22 people found this helpful

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    4 out of 5 stars

Missing anything about neural networks.

This book could've been more informative about how the subconscious brain works as a neural network which is very good at pattern recognition. Instead it becomes a series of anecdotes about conscious bias and prejudice. It's still informative but not very helpful to improve ones subconscious brain other than external management.

11 people found this helpful

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Great narration, poor production

I really liked this book and purchased after listening to Outliers but I was really disappointed with the production and would of given it 5 stars if there wasn't the annoying and distracting background music.

7 people found this helpful

  • Overall
    3 out of 5 stars

Not quite what I expected

Enjoyed lisening to the various stories but kept hearing myself say - and your point is?

19 people found this helpful

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    4 out of 5 stars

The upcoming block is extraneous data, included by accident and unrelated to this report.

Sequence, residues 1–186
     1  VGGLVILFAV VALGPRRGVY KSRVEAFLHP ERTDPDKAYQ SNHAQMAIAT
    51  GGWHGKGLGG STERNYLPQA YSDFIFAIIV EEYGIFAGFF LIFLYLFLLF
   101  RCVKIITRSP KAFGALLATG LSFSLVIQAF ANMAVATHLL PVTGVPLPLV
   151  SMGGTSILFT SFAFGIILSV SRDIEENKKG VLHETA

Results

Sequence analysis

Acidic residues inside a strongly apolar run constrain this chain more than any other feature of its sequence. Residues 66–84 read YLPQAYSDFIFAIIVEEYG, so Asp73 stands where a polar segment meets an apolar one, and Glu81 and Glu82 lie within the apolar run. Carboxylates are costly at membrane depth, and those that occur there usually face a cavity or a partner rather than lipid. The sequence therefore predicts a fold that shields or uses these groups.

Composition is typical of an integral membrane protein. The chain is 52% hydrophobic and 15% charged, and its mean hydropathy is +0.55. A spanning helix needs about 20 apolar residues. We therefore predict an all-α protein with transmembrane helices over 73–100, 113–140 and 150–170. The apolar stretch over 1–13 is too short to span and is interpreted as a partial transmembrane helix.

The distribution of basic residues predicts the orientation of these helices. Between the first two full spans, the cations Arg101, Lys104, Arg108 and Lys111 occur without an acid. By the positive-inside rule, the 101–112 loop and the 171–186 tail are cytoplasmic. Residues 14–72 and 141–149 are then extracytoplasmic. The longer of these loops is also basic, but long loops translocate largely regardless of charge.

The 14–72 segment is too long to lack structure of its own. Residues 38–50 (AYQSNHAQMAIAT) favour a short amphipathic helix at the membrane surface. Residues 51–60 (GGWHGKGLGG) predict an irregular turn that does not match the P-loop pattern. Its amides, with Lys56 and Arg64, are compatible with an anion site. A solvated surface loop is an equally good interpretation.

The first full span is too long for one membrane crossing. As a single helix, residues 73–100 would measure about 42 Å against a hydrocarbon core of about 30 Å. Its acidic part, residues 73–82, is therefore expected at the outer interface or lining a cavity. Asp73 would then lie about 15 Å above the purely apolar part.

Enjoyable, but goes in an unexpected direction

I enjoyed listening to this. Gladwell interweaves gripping stories with interesting psychological information very effectively. Like another reviewer, however, I was a bit surprised with the direction this took. It started out being about the powers of the unconscious and how experts can make very complicated judgements almost instantaneously. It seemed to promise to tell the reader how to harness the power of the unconsious. But then it swerved much more into exploring how snap judgements can be bad, and ended up being about the nature of prejudice. This was very interesting (possibly more interesting than the direction it had been heading in), but definitely a bit unexpected.

28 people found this helpful

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  • BB
  • 30-07-15

Very long winded

The concepts were interesting but often the point was laboured for hours it got quit tedious towards the end.

4 people found this helpful

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    3 out of 5 stars

A little disappointing